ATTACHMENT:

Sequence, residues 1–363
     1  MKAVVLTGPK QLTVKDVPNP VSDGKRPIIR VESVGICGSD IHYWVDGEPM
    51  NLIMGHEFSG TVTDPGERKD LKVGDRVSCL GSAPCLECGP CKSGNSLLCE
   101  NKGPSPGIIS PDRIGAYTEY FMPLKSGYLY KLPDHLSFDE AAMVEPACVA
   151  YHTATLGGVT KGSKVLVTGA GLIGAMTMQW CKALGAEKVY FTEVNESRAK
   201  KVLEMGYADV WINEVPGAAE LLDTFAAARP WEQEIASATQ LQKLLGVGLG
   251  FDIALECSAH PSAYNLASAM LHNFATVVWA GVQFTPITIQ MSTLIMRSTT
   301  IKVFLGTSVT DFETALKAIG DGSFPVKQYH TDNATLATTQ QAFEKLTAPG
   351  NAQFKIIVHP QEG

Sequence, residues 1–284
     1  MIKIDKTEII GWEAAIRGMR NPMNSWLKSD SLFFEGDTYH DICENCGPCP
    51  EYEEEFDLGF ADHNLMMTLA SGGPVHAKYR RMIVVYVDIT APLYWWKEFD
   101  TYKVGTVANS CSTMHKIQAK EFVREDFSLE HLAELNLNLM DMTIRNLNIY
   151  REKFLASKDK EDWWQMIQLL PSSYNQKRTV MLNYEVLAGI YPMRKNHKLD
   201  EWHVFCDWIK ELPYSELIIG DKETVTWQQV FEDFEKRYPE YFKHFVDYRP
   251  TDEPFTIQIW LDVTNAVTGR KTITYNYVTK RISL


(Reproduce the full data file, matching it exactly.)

Sequence, residues 1–363
     1  MKAVVLTGPK QLTVKDVPNP VSDGKRPIIR VESVGICGSD IHYWVDGEPM
    51  NLIMGHEFSG TVTDPGERKD LKVGDRVSCL GSAPCLECGP CKSGNSLLCE
   101  NKGPSPGIIS PDRIGAYTEY FMPLKSGYLY KLPDHLSFDE AAMVEPACVA
   151  YHTATLGGVT KGSKVLVTGA GLIGAMTMQW CKALGAEKVY FTEVNESRAK
   201  KVLEMGYADV WINEVPGAAE LLDTFAAARP WEQEIASATQ LQKLLGVGLG
   251  FDIALECSAH PSAYNLASAM LHNFATVVWA GVQFTPITIQ MSTLIMRSTT
   301  IKVFLGTSVT DFETALKAIG DGSFPVKQYH TDNATLATTQ QAFEKLTAPG
   351  NAQFKIIVHP QEG

Sequence, residues 1–284
     1  MIKIDKTEII GWEAAIRGMR NPMNSWLKSD SLFFEGDTYH DICENCGPCP
    51  EYEEEFDLGF ADHNLMMTLA SGGPVHAKYR RMIVVYVDIT APLYWWKEFD
   101  TYKVGTVANS CSTMHKIQAK EFVREDFSLE HLAELNLNLM DMTIRNLNIY
   151  REKFLASKDK EDWWQMIQLL PSSYNQKRTV MLNYEVLAGI YPMRKNHKLD
   201  EWHVFCDWIK ELPYSELIIG DKETVTWQQV FEDFEKRYPE YFKHFVDYRP
   251  TDEPFTIQIW LDVTNAVTGR KTITYNYVTK RISL